1210Benetpushesprairiechick.cfm Bennet pushes to protect fragile land, preserve habitat for lesser prairie chicken in southeastern Colorado
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Bennet pushes to protect fragile land, preserve habitat for lesser prairie chicken in southeastern Colorado



In an effort to increase conservation options for Colorado landowners, Michael Bennet, U.S. Senator for Colorado, Dec. 10 announced his push to protect fragile land and preserve a habitat for the lesser prairie chicken.

In a letter, Bennet urged U.S. Department of Agriculture to create a Conservation Reserve Program initiative to give qualified landowners another way to maintain conservation practices at a time when millions of acres of CRP contracts are expiring with unclear prospects of reenrollment.

"This initiative would be a win-win for southeastern Coloradans. It would protect fragile land, preserve critical wildlife habitat, and reduce chances that the lesser prairie chicken gets placed on the endangered species list," said Bennet.

The CRP program enables farmers and ranchers to address soil, water, and related natural resource concerns on their lands in an environmentally beneficial and cost-effective manner. In southeastern Colorado the program enables participants to return their land to native grassland--critical habitat for the lesser prairie chicken and other grassland species.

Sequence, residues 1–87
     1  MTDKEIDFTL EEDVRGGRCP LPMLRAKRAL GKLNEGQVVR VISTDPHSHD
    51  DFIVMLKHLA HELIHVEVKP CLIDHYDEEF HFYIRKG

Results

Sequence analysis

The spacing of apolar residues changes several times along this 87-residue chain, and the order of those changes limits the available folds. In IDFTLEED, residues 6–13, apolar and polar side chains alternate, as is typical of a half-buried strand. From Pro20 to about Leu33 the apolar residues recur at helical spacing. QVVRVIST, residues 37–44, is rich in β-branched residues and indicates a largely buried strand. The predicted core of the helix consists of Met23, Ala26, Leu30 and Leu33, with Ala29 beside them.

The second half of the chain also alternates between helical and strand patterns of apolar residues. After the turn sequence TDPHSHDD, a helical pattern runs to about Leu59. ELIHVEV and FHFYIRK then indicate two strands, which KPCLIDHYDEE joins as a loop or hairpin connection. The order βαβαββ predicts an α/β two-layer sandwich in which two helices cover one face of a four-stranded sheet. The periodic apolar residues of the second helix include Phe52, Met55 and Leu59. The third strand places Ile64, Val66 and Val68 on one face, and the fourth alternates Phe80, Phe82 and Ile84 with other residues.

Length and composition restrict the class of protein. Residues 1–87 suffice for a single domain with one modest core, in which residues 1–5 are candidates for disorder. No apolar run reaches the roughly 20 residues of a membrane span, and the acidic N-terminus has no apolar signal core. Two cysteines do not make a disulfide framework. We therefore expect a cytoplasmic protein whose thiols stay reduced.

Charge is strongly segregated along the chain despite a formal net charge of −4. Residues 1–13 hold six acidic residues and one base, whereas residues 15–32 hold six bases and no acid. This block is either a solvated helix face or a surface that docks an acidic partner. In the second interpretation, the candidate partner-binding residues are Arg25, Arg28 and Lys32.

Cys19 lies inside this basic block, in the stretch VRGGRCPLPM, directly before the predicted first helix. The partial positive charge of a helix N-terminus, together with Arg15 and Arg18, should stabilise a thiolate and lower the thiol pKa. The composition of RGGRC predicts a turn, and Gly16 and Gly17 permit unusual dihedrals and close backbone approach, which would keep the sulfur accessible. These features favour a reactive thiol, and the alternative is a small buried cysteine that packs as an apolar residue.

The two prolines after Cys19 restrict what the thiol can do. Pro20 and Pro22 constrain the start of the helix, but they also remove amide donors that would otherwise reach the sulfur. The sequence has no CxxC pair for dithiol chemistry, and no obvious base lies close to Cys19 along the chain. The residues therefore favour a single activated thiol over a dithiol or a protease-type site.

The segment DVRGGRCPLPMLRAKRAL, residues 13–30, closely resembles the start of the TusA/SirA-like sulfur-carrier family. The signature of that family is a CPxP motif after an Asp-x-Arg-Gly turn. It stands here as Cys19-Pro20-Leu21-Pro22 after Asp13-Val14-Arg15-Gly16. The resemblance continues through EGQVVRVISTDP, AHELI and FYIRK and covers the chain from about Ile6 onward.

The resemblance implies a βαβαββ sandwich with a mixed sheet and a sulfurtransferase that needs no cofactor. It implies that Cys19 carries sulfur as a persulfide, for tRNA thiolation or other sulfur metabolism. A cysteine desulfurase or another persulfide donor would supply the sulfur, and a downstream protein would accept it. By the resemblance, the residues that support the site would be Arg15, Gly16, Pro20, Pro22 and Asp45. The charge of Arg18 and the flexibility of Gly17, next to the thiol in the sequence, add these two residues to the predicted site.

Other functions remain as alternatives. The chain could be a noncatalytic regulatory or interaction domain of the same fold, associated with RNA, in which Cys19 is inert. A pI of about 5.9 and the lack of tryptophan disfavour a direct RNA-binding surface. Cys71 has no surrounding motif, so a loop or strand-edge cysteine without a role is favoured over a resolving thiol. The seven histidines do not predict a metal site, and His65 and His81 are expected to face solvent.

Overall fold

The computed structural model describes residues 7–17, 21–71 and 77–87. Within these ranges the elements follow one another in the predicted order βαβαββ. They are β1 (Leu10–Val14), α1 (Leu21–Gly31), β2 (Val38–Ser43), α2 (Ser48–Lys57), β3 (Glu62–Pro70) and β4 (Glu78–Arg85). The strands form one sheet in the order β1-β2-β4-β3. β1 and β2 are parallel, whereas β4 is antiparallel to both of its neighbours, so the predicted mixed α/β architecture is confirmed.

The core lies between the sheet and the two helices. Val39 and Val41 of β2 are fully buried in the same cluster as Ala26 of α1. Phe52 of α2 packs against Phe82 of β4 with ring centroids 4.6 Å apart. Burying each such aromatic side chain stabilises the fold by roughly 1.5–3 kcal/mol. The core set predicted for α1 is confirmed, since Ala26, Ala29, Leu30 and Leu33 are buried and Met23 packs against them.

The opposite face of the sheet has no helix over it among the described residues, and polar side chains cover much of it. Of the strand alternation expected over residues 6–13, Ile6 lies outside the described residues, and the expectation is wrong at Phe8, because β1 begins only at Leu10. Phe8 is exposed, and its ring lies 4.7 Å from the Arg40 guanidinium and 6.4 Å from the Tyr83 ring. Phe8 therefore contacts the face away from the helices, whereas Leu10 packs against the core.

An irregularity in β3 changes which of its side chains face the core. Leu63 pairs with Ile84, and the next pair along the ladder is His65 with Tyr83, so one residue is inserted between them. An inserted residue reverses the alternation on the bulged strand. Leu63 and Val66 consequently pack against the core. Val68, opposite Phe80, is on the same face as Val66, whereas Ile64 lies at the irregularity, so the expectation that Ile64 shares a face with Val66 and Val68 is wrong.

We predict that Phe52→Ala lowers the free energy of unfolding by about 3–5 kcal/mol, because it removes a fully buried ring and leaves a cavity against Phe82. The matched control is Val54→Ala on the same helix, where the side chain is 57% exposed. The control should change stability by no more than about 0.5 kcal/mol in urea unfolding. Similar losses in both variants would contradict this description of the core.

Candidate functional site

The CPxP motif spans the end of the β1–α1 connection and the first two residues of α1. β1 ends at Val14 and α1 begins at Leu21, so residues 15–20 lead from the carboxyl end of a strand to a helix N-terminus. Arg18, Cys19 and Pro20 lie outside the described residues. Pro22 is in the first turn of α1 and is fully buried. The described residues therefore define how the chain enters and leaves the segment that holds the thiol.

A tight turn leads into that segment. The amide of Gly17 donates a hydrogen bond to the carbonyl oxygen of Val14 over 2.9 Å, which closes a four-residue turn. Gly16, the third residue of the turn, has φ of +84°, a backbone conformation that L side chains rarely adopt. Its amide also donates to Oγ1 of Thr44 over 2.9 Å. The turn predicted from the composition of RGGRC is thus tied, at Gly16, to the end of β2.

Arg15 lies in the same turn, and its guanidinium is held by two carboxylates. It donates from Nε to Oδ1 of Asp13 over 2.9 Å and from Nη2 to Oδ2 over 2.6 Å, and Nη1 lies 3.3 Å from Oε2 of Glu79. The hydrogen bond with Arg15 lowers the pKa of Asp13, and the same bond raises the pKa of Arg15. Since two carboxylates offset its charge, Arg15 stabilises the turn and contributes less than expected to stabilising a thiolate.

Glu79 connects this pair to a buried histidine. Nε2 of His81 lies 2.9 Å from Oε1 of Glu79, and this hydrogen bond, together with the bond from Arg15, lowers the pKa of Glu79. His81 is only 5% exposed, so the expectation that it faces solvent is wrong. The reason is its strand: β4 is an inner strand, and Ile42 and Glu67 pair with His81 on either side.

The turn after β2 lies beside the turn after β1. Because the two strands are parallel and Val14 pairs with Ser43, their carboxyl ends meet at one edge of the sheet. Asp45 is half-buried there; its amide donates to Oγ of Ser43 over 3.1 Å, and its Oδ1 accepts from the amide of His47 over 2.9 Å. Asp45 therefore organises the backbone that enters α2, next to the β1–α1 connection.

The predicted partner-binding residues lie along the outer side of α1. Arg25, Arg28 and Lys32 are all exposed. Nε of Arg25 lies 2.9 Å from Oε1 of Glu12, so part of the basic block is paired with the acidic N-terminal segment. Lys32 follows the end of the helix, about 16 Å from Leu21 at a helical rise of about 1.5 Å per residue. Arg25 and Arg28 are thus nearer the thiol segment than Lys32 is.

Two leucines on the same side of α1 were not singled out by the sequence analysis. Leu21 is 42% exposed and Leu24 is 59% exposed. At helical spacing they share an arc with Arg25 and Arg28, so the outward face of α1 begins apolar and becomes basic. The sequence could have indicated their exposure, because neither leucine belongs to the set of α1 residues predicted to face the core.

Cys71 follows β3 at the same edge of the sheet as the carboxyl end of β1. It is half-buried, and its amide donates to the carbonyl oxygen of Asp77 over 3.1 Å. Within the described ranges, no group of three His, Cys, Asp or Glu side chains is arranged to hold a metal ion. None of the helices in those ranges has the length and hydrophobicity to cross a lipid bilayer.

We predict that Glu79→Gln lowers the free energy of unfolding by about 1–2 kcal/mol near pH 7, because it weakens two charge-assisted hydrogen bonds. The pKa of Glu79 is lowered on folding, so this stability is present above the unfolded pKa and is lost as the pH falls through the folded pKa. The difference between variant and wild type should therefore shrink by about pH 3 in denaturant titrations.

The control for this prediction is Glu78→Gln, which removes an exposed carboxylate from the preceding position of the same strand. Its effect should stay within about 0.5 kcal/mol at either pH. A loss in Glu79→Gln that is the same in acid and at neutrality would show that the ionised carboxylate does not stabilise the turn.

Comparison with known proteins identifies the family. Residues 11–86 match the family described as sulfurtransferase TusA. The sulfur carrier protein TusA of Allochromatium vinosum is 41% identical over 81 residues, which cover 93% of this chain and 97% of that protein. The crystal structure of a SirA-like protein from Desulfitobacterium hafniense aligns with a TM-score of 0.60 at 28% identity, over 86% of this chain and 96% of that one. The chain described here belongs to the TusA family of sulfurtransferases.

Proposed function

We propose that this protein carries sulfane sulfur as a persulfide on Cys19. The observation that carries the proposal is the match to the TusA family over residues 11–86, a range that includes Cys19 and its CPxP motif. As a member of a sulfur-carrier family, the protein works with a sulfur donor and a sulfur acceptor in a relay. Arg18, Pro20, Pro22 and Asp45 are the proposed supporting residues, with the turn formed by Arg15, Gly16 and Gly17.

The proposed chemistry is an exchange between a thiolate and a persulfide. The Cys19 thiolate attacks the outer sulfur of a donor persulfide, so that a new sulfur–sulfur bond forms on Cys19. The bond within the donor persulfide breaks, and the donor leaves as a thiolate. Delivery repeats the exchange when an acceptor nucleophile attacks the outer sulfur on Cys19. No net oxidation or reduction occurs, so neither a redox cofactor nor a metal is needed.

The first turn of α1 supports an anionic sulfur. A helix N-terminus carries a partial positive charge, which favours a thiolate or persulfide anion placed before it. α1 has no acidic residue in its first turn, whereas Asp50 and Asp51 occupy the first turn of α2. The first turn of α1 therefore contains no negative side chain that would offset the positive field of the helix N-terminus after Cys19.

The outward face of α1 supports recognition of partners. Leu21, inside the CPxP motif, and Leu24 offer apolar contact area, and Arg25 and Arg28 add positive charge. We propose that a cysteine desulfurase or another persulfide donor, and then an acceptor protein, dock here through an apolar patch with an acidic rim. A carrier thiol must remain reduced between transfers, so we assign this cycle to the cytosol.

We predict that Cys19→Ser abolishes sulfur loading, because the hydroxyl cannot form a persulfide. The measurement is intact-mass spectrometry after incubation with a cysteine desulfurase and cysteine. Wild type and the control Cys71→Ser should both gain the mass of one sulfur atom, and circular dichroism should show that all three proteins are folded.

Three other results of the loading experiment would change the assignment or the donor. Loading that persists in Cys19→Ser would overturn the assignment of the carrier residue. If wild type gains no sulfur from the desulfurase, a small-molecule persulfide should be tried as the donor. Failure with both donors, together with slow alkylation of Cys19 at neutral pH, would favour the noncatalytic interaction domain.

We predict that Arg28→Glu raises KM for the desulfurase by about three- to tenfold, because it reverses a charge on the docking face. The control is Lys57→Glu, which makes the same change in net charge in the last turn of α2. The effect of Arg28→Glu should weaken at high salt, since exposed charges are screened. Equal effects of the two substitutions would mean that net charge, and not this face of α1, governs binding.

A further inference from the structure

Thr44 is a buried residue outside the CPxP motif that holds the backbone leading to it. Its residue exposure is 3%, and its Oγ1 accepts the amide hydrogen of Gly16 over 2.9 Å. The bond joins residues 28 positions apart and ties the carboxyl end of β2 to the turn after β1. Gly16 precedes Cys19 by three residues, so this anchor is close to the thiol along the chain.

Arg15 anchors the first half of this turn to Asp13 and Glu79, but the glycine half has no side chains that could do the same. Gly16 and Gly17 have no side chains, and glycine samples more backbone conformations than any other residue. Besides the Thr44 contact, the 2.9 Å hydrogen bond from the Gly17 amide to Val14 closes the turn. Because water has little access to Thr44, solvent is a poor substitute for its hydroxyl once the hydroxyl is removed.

Bennet, along with Senate colleagues Mark Udall, Tom Udall and Jeff Bingaman, sent a letter to Secretary of Agriculture Tom Vilsack asking him to create a High Plains CRP initiative in the lesser prairie chicken's natural range. The letter cites the important economic benefits the initiative and other modifications to existing CRP policies could provide farmers and ranchers during this period of economic turmoil.

The letter also highlights the potential benefits to the lesser prairie chicken, an emblematic High Plains species in danger of being listed as threatened or endangered under the Endangered Species Act.

Listing of the lesser prairie chicken under the ESA could have significant adverse repercussions on the High Plains economy, potentially limiting both conventional and renewable energy development, as well as farming and ranching in the bird's 5 state range (Colorado, Kansas, Oklahoma, Texas and New Mexico). The Colorado counties affected by the proposal are Baca, Bent, Cheyenne, Kiowa and Prowers.

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